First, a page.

A marine GPS provides not only your own boat's location but shows you the course to steer to reach that destination, both graphically and as a heading or course to the destination once you have the coordinates of your destination in hand. Some GPS units give only this basic information; others, called chart plotters, may render a navigational chart on the display screen to show your boat's approximate location relative to the maritime environment. Whichever type of GPS you have, visually confirm the information it presents and operate for the safety of the vessel.
Turn on the GPS. The default screen on most GPS units is the navigation screen where you can enter the latitude and longitude of your destination. Use the GPS manual's directions for that operation. As you enter the latitude, the GPS will offer an option: "N" or "S". Choose "N" for latitudes north of the equator or "S" for latitudes south of the equator, depending on your destination's location.
Enter the longitude for the destination. As with the "N" or "S" entry for the latitude, the GPS will query, "E" for longitudes east of Greenwich, UK, and "W" for longitudes west of Greenwich. Once the latitude and longitude are properly entered, verify both once more on the GPS before departure.
Move your vessel away from its dock or mooring and, while observing the navigation rules and restrictive buoyage present, if any, turn your vessel toward the course displayed on the GPS. Press the "Navigate" or "Go To" key as you leave the harbor or marina. A "course line" representing a straight-line course to the destination will appear, originating at your current position and terminating at the destination. The GPS will also display the course-to-destination, the course you should steer to reach your destination.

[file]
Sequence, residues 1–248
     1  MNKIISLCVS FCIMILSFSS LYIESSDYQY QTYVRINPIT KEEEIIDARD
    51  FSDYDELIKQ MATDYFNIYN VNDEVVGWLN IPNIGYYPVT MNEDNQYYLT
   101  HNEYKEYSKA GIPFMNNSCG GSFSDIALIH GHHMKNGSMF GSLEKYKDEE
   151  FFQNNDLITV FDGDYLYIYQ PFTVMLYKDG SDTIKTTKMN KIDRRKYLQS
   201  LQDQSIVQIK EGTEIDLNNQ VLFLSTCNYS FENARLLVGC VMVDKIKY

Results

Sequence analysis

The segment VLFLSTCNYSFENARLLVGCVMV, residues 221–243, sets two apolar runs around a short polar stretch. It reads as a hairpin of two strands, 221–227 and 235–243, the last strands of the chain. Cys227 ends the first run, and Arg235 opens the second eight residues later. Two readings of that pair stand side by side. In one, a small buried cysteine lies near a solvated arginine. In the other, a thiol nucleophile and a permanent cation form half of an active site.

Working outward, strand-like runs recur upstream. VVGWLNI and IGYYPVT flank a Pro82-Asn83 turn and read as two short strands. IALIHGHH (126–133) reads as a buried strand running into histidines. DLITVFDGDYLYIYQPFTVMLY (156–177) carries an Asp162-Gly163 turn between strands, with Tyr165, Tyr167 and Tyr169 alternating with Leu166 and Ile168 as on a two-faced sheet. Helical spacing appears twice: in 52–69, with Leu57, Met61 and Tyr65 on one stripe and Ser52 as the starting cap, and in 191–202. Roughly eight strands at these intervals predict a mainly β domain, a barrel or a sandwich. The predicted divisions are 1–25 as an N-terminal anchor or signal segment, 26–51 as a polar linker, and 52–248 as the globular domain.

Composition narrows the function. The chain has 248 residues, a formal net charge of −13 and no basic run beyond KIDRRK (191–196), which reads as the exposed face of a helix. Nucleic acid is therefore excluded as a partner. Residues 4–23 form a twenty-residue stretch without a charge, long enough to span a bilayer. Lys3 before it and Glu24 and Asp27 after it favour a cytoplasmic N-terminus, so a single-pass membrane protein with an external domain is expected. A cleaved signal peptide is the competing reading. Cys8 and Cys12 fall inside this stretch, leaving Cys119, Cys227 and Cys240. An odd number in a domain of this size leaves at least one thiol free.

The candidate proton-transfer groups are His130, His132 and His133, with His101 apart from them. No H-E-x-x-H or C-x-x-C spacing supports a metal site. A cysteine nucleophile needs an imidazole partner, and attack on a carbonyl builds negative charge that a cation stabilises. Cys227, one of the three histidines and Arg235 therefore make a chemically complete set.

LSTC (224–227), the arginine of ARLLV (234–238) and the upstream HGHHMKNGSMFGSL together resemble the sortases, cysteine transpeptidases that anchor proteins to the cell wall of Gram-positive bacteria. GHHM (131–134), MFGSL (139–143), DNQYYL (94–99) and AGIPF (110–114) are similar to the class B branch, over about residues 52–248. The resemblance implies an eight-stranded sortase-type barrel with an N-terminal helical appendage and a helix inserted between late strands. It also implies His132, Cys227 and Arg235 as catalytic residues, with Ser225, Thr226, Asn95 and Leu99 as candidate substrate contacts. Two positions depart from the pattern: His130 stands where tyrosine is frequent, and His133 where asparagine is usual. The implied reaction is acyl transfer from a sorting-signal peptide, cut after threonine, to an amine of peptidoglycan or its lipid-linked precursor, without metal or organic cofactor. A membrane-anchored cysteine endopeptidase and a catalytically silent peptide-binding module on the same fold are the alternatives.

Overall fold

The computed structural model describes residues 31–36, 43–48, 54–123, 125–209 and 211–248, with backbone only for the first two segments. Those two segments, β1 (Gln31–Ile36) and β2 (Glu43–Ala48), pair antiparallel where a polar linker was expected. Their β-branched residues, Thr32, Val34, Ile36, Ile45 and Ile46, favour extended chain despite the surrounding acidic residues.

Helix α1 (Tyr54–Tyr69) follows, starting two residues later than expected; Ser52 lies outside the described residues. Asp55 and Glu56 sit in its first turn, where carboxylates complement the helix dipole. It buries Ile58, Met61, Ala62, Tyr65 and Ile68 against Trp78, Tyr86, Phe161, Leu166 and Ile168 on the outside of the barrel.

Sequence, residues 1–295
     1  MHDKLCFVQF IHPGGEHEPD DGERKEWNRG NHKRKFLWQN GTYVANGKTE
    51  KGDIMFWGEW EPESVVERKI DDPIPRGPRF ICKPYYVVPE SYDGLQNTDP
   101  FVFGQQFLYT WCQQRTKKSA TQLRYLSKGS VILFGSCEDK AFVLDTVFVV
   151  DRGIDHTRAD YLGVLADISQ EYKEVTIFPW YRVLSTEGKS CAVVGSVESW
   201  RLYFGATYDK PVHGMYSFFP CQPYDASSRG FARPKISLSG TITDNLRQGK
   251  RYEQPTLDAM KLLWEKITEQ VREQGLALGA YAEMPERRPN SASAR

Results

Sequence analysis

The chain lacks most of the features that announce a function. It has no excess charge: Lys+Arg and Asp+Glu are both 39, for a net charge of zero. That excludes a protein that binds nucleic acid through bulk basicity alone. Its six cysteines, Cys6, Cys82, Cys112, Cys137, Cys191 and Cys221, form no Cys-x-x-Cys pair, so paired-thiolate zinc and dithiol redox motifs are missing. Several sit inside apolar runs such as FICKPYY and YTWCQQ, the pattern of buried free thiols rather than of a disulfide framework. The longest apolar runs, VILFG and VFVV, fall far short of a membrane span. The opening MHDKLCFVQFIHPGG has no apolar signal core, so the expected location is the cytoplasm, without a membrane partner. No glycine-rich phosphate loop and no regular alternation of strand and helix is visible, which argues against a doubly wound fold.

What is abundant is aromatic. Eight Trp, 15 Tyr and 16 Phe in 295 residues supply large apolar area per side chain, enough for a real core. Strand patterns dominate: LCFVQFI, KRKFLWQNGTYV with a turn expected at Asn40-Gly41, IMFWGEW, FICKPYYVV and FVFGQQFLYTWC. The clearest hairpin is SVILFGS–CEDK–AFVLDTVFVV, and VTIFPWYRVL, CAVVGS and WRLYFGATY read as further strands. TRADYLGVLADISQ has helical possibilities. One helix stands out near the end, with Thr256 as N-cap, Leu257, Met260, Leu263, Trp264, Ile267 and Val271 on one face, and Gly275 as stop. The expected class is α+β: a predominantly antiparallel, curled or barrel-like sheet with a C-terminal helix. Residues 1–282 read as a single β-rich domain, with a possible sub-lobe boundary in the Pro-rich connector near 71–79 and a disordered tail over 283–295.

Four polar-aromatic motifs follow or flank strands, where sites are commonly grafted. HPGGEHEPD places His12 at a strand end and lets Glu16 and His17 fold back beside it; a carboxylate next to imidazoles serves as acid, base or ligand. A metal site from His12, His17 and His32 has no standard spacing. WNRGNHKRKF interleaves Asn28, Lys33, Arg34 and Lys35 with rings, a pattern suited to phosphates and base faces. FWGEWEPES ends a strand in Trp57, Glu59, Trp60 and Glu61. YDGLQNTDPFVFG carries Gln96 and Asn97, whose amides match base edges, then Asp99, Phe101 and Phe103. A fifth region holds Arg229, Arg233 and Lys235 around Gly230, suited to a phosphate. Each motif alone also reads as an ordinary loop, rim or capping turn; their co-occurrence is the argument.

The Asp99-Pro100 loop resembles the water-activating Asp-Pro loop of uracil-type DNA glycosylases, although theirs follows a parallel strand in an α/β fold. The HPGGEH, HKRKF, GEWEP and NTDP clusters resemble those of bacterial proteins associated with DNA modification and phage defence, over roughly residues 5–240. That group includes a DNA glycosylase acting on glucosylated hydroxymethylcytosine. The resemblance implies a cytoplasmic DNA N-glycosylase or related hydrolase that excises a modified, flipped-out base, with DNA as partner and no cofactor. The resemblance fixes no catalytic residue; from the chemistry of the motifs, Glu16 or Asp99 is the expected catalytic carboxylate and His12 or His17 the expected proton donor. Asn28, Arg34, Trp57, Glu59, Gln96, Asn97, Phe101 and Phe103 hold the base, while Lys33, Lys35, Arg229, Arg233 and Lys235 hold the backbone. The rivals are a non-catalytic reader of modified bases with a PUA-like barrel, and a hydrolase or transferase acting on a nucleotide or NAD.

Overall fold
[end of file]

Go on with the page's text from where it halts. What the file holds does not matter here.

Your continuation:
Keep your vessel to the course, while maintaining a lookout for any obstructions, such as other boats or land masses, navigating around them in a generally prudential manner. The course line still represents a straight line between the destination and the point where you instructed the GPS to go to the destination. The graphic display on the GPS will also show you how far you are from that line. As long as you steer the course-to-destination indicated by the GPS, you will head directly for your destination.
Notice that when you reach your destination, your GPS unit may have a "reverse course" option. Follow the instructions for your particular GPS to initiate this feature, which will display the return course to your starting point.
Tips & Warnings
- The prudent mariner will trust no single navigational source, and should take relative bearings between his vessel and any visible landmark to ensure the vessel is progressing safely along its correct course.
- There is no substitute for visual confirmation of the information that an aid to navigation, such as a GPS, provides.
- Photo Credit Comstock/Comstock/Getty Images
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